Risk factors


The terms in this document – in particular the terms beginning with a capital letter – have the same meaning as the terms defined in the Terms and Conditions.

Any subscription made by the User is made at the sole risk of the User. By making a subscription, the User expressly declares that it is aware that he/she/it is participating to the fundraising of a Project, which carries certain risks. Foxstone and the Sponsors do not perform any verification of the suitability or appropriateness of the subscription made by the User with the experience, knowledge, financial situation and investment objectives of the said User.

Users who contemplate subscribing to a Project shall take into consideration – in addition to the information contained in other documents such as a prospectus – the risk factors mentioned below. Each risk factor may have a negative impact on the Project, the Sponsor’s activity and its financial situation (including financial income) and the investment made by the User.

The list of risk factors below is not exhaustive. Foxstone does not provide financial, tax or legal advice to the User. From a Swiss tax perspective, a natural person carrying out real estate transactions may be considered to exercise an independent lucrative activity (professional trader of real estate), which implies in particular a different tax treatment. Foxstone hereby expressly recommends that the User consults a legal, financial and/or tax advisor within its tax jurisdiction before subscribing to a Project. Moreover, Foxstone expressly reserves the risks mentioned in any issuance prospectus or other ad hoc risk factors specific to the relevant Project.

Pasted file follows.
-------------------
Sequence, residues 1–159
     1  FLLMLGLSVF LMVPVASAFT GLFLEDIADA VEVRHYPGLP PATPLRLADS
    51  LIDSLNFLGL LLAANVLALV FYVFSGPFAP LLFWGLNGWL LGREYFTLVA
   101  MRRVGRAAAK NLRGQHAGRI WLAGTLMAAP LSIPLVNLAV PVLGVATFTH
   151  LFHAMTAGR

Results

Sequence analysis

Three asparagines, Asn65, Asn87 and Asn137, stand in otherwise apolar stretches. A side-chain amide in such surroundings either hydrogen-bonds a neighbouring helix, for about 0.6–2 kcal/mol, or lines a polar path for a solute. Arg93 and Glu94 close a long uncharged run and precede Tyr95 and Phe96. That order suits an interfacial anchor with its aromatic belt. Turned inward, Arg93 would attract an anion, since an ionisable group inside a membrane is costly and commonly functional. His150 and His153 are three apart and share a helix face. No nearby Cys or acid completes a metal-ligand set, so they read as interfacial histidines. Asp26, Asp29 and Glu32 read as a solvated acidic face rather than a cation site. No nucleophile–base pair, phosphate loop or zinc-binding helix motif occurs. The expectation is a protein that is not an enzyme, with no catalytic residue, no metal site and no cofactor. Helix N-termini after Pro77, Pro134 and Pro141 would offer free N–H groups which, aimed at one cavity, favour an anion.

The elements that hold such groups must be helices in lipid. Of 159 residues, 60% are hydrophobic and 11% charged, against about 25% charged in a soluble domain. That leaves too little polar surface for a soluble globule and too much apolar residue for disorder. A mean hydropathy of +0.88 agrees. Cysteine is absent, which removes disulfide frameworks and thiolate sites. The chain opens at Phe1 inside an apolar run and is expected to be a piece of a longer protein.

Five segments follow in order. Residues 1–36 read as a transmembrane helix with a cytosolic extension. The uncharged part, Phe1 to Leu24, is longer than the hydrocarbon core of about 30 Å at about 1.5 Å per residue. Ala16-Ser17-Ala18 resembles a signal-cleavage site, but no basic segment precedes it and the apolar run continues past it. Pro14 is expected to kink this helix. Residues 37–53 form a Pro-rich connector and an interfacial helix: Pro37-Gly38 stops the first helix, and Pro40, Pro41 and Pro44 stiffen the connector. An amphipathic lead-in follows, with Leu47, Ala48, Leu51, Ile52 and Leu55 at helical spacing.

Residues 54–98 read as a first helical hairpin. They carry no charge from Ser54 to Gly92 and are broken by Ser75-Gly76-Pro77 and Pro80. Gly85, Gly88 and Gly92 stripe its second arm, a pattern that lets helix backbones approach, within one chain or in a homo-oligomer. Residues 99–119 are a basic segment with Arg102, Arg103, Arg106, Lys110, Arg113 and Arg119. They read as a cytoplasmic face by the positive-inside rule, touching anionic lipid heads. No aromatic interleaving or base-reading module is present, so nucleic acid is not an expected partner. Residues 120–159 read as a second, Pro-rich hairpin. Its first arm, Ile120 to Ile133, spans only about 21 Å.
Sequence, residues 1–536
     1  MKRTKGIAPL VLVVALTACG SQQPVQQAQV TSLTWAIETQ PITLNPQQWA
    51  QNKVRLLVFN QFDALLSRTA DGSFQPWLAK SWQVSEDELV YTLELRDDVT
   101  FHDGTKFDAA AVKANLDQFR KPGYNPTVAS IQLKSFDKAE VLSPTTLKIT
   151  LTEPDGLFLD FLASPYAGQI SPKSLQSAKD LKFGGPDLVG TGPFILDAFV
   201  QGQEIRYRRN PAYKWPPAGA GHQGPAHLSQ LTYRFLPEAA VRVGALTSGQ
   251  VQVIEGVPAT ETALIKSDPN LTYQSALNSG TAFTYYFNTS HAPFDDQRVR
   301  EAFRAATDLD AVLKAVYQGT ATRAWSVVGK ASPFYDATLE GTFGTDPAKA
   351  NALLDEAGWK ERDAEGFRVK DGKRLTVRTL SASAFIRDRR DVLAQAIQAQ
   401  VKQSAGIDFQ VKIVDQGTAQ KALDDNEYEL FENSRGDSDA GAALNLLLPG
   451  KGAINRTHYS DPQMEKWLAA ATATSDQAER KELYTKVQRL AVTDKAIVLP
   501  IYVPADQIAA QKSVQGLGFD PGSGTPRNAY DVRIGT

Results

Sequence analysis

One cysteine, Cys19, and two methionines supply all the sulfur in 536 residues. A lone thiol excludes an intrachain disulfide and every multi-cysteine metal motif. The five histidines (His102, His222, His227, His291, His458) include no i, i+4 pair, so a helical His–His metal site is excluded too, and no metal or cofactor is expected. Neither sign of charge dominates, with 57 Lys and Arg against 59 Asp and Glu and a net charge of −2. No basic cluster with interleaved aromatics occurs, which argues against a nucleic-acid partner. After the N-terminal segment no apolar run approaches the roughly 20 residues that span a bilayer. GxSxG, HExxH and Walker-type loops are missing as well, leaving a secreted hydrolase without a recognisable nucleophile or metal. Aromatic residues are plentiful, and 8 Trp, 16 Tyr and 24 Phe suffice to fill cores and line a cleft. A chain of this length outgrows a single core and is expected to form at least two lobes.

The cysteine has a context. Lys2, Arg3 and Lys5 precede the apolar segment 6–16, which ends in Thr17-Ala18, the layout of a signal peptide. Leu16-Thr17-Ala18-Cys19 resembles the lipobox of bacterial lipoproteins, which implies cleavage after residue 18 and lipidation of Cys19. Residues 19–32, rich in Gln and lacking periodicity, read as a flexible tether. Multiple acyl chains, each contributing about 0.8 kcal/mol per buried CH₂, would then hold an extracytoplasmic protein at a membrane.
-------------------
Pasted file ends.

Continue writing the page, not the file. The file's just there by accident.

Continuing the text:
All Projects listed on the Website are related to real estate property and therefore carry on the risks associated with an investment in real estate property (see the non-exhaustive list indicated under B.1 below), whereas only specific Projects are structured with an investment instrument, which may imply additional associated risks (see the non-exhaustive list indicated under B.2 below). Furthermore, as the Website and part of the Projects are run through the internet, specific associated risks may also be applicable when using the Website and communicating with Foxstone through electronic channels (see the non-exhaustive list indicated under B.3 below).

B.1 Risks linked to real estate property

1. General

In the case of existing buildings and real estate developments, the User is exposed to risks linked to an investment in real estate such as attractiveness of the location, decrease of the rental incomes, real estate market fluctuation, interest rate fluctuations at local, Swiss and international levels and changes in Swiss regulation and taxation.

In case of a real estate development, the User is exposed to additional risks (to the risk linked to a direct investment in an existing real estate property). Given that the Sponsor may own or control the parcel (land) or real estate development project, the User is also exposed to the risk in relation to the Sponsor such as its solvency and/or ability to develop the real estate project until completion.

2. Rental income

The User’s recurring revenues on existing buildings consist essentially in rental income. The rental revenues may decrease in the future based on several factors such as non-payment of the rent by the tenants, vacancy rate (taux de vacance), reduction of the rent due to change in supply and demand, the reduction of the interest rate, invalidity of the lease agreement (or of specific clauses), rent reduction requests and other factors. The non-payment by one or several tenants of his/her rent under the lease agreement for one or several months as well as the vacancy rate may affect the User’s ability to pay interests and/or reimburse a mortgage to the bank. The wording used in the lease agreements – including as it relates to rent indexing (indexation des loyers) – may be unclear, incomplete or subject to interpretation so that the ability of the delegated property manager to enforce a rental income’s claim (or not fully) under the lease agreement may be hindered.